"Our team really wanted to think about solar houses in a way that's very familiar to people," says Shengyin Xu, the student project manager for the University of Minnesota and a graduate student in architecture. "So we started with a gable but began to play with the shape." The result is a home profile that's skewed to the north in order to increase the south-facing surface area for solar panels.
Inside the Icon home, the living, dining and kitchen areas are open to increase ventilation through the home's 500 square feet of interior space. Above them, engineered wood beams reinforced by steel trace the angle of the ceiling. Vents for the mechanical system are built into the soffit.
But the real heart of the mechanical system is situated in a shed and closet outside, where passers by can see how the house works. Long clear tubes contain calcium chloride and lithium chloride, the basis of a desiccant dehumidification system that helps maintain comfort levels in the home. The desiccant removes humidity from indoor air--important during summers in Minnesota--and is rejuvenated by hot water from six flat-plate solar thermal collectors. Interior cooling is left to a mini a/c.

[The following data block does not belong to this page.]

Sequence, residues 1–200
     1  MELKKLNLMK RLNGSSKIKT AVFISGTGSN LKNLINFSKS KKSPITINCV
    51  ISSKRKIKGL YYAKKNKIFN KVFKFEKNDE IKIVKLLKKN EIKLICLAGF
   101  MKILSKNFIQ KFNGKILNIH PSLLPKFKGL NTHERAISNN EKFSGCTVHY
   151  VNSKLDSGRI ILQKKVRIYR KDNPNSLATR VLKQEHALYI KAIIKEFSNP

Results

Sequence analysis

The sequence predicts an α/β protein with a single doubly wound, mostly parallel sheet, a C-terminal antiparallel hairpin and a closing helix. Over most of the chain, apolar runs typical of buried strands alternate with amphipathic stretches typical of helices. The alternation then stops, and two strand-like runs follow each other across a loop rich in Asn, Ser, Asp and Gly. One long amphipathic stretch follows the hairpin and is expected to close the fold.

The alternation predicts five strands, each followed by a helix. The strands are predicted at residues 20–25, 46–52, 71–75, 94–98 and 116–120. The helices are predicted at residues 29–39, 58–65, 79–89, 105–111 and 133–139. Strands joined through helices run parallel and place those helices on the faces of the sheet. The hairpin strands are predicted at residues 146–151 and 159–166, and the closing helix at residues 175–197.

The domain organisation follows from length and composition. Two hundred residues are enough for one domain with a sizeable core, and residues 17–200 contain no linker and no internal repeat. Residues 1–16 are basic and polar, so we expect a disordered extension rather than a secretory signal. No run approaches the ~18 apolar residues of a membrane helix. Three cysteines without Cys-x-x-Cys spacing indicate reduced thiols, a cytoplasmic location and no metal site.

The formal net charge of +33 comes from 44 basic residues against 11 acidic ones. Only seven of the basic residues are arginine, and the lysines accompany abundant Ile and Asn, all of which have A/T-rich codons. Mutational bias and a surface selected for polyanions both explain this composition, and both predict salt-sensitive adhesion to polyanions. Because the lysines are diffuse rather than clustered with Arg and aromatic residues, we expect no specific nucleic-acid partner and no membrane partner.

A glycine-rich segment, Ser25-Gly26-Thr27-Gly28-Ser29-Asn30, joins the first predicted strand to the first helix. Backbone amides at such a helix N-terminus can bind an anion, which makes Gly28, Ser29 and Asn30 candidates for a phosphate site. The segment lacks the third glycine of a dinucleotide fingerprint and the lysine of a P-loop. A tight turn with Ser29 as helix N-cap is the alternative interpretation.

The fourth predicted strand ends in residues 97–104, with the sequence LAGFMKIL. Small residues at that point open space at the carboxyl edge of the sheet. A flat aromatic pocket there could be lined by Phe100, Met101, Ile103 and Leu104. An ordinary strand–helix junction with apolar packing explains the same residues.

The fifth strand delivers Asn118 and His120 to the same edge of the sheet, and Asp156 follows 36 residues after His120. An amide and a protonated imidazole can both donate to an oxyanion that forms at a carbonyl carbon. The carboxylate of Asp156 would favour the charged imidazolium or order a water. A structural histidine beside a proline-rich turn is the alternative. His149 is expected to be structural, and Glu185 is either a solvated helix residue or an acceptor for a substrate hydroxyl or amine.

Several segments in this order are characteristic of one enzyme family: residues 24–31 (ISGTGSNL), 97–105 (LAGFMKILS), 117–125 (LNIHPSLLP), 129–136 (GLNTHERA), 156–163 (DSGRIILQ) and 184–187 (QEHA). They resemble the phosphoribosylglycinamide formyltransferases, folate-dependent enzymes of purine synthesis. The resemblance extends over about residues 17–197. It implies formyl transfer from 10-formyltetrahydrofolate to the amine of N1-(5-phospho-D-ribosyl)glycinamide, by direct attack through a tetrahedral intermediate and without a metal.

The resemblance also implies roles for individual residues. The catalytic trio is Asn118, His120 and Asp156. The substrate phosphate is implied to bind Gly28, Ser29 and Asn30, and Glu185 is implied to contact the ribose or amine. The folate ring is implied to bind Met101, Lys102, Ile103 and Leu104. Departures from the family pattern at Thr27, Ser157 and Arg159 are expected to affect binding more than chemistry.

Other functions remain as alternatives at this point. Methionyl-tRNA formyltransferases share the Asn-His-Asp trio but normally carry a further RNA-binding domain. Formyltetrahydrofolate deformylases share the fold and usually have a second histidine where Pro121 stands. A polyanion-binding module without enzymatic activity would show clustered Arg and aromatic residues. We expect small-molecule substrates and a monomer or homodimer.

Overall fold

The Minnesota business community pitched in to help the students--one used five flatbed trucks and two trailer boxes to transport the house from Minnesota to D.C. Other local companies provided countertop made from recycled glass, the reclaimed wood floor and LED light fixtures. The budget for functional and mood lighting for the whole house is only 500 watts.
"Not many projects cross as many disciplines as ours," Xu says. Students from the architecture, graphic design, computer science and civil engineering programs, as well as the business school, participated in the Solar Decathlon. "In some meetings, you couldn't tell who was from each major," Xu says. "We've really broken the silo mentality of the university." Read more about the house .